The Future of a Free Press

January 10, 2018

When Joseph Pulitzer decided to endow a journalism school at Columbia more than a century ago, his idea was greeted with skepticism by fellow journalists, who maintained that typing and shorthand didn’t require a university degree and that the most important skill—a nose for news—simply could not be taught.

Pulitzer’s response to his critics remains prescient. “An able, disinterested, public-spirited press, with trained intelligence to know the right and courage to do it, can preserve that public virtue without which popular government is a sham and a mockery.”

Those ideals have become integral to Columbia’s intellectual DNA. By the 1960s, Columbia Law School had established itself as a leader in both civil and human rights law. Today, the University is a center for cutting-edge innovation in computer science and data science. All of these academic strands provide a multidisciplinary platform for teaching, research and advocacy on the fundamental challenges facing a free press in a digital age.

President Lee C. Bollinger

Lee C. Bollinger

“Universities, scholars, journalism and journalists share a similar mission: to search out and publish the truth,” said University President Lee C. Bollinger, a First Amendment scholar whose most recent book, Uninhibited, Robust and Wide Open, took its title from the landmark 1964 U.S. Supreme Court decision in New York Times v. Sullivan.

Bollinger, whose father was a small-town newspaper publisher, teaches an undergraduate course on free speech and the press and has made the future of journalism and freedom of expression a key priority for Columbia. He appointed two Journalism School deans, first Nicholas Lemann and now Steve Coll, who have reinvented the school as a center for research and teaching journalism for a data- and social media-driven era.

The five-year-old Brown Institute for Media Innovation, in partnership with Stanford Engineering, develops new ways to report and tell stories. Recent grantees include a social work professor who researches how gang violence and trauma are expressed on social media, and a data-sharing venture that allows investigative reporters around the world to collaborate on projects.

Under Emily Bell, the former digital editor of The Guardian, the Tow Center for Digital Journalism is a key source of insight on innovative methods of reporting and the challenges faced by legitimate news sources. The center recently published studies showing how propaganda from six Russian sites showed up in the news feeds of millions of Facebook and Instagram users in the run-up to the 2016 election.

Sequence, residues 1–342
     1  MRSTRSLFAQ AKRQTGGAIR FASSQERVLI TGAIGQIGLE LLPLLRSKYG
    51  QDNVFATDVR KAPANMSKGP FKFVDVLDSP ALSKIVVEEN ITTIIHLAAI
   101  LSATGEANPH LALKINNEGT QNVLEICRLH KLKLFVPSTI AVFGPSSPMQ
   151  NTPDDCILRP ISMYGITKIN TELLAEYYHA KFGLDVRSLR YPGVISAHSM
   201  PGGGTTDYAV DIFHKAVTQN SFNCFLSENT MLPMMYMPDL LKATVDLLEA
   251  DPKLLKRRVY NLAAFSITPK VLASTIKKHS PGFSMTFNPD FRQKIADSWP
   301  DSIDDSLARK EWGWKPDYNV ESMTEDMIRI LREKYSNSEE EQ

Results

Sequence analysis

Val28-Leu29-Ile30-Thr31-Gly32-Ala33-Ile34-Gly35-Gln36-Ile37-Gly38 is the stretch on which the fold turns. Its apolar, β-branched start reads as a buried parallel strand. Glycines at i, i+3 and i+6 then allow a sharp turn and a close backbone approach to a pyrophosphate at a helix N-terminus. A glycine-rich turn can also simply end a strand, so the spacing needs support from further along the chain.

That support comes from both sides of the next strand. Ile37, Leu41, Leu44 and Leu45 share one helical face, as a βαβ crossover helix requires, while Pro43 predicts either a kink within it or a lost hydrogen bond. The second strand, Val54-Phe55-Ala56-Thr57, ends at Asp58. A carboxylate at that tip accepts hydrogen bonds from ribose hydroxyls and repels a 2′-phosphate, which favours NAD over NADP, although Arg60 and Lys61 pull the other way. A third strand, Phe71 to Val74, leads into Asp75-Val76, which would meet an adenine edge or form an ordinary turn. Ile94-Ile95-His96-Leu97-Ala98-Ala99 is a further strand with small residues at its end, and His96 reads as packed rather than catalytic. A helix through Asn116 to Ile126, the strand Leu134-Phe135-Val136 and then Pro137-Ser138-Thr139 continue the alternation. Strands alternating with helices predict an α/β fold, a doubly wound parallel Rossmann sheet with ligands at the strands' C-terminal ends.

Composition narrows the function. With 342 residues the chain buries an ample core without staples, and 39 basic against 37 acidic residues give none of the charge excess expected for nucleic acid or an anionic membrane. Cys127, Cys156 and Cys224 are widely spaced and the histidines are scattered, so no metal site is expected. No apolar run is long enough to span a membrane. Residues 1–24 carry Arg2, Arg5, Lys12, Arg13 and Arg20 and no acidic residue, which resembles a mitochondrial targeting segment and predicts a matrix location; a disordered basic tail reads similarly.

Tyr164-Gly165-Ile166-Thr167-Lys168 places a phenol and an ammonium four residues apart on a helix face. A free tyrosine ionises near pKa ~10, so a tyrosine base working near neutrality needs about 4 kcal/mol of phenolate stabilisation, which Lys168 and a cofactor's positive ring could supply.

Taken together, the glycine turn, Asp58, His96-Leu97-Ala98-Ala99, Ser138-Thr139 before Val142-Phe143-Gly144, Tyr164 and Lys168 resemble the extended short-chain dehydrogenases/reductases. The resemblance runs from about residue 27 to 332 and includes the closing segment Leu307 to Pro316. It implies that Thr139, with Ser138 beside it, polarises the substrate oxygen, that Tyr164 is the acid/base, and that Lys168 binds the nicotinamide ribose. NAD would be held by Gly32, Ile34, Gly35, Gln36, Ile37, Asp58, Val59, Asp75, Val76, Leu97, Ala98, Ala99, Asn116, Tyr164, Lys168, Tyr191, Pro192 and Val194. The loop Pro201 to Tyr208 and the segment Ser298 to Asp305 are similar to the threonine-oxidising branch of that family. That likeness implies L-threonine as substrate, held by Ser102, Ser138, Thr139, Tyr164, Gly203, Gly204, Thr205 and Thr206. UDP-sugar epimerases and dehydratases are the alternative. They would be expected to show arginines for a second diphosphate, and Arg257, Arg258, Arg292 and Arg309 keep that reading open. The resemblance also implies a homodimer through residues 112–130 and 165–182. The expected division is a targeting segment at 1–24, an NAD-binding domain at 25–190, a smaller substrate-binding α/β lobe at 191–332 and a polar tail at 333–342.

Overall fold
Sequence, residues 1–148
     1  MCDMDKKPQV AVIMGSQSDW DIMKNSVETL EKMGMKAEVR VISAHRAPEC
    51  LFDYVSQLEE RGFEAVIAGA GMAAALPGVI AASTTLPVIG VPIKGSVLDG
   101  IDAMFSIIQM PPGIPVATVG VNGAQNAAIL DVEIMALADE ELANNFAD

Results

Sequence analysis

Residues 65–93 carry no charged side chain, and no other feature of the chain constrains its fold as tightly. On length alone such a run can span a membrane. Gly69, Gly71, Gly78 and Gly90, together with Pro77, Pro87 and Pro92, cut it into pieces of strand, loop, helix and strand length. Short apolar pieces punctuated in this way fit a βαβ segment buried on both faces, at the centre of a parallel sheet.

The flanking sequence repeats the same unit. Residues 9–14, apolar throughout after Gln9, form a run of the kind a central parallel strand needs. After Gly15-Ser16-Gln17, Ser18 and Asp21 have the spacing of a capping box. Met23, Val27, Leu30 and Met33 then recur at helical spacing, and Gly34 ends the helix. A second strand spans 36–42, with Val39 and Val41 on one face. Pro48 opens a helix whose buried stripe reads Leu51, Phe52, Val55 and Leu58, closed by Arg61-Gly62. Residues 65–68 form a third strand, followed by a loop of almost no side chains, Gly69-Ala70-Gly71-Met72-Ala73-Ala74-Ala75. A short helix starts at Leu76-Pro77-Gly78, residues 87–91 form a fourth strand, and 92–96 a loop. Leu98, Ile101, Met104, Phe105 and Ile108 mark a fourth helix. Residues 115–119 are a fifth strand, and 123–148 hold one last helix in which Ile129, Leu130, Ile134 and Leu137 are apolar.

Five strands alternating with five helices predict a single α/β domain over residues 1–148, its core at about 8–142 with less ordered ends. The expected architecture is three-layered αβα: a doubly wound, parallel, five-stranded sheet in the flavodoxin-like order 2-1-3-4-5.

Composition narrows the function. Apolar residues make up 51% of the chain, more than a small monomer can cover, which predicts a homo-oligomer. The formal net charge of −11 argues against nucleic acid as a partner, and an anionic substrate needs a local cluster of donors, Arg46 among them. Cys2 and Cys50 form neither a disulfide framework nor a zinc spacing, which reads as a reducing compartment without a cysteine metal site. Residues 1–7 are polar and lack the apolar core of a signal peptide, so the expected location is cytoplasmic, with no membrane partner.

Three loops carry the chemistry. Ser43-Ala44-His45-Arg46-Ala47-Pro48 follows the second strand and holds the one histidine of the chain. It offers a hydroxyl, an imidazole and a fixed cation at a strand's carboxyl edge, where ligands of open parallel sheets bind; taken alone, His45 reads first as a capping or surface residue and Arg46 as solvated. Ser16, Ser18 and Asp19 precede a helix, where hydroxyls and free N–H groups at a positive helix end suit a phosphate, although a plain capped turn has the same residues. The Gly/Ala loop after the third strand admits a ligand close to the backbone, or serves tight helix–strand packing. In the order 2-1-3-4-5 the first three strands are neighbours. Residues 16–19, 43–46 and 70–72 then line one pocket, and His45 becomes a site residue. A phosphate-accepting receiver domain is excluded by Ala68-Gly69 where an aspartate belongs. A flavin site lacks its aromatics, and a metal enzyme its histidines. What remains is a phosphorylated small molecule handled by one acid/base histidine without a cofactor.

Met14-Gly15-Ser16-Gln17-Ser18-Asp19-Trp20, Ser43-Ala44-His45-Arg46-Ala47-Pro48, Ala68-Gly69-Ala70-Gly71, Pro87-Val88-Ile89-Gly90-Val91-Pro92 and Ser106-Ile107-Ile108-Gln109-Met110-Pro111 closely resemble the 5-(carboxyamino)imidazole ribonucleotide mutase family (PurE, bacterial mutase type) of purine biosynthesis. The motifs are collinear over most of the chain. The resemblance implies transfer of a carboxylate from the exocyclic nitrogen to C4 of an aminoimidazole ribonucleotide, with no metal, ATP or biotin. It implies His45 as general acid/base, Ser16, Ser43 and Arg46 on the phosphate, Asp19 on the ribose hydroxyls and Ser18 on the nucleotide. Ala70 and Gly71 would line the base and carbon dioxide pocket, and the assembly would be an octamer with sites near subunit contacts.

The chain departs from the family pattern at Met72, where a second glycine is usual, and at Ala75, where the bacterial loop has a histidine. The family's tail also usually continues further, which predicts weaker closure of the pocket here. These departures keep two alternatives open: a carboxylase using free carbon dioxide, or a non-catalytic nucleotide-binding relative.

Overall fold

"Universities, scholars, journalism and journalists share a similar mission:
to search out and publish the truth."

— Lee C. Bollinger


Columbia Journalism Review, founded in 1961 to help define best practices in the field, has rebooted itself as a real-time outlet for the best thinking from Columbia and elsewhere on the economic, legal and political challenges facing journalism worldwide.

In 2014, Bollinger established Columbia’s Global Freedom of Expression project to provide both a compendium of case law and awards to advocates and courts around the world who challenge censorship, often at great personal risk, and report on governments that don’t welcome a free press. In response to the decline of international coverage by many U.S. news organizations, he also started Columbia Global Reports, edited by Lemann, to publish long-form journalism related to globalization.

In partnership with the John L. and James S. Knight Foundation, Columbia in 2016 established the Knight First Amendment Institute to advocate and litigate on behalf of journalism and free expression. Led by former ACLU attorney Jameel Jaffer, the institute’s first lawsuit argues that President Donald Trump and his communications team violated the First Amendment by blocking Twitter users who disagree with the president’s policies.

By bringing together Columbia’s academic strengths in journalism, law and computer science, the Knight Institute helps realize the shared mission President Bollinger sees for the University and a free press. "Though time frames and intellectual techniques may differ, the kinship in the pursuit of understanding the world and communicating with the broader public is deep, even profound. One of the moments when that shared purpose is felt is when, as is true today, the forces of censorship and thought control rise up and take hold. The mind of the censor never likes truth-tellers.”